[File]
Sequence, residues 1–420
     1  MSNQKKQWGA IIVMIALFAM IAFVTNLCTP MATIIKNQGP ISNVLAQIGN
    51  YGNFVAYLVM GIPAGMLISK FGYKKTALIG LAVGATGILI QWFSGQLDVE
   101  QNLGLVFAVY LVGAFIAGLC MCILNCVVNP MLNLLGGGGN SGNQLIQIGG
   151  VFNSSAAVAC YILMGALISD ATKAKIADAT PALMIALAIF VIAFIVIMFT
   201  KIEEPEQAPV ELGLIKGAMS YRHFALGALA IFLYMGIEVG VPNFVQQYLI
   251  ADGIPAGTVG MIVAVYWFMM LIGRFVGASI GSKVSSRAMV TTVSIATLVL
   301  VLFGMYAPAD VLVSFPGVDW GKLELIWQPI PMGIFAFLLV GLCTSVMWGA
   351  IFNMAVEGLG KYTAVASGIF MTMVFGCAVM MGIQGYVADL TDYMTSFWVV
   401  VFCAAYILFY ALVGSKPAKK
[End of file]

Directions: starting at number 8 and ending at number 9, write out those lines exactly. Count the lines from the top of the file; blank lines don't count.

   301  VLFGMYAPAD VLVSFPGVDW GKLELIWQPI PMGIFAFLLV GLCTSVMWGA
   351  IFNMAVEGLG KYTAVASGIF MTMVFGCAVM MGIQGYVADL TDYMTSFWVV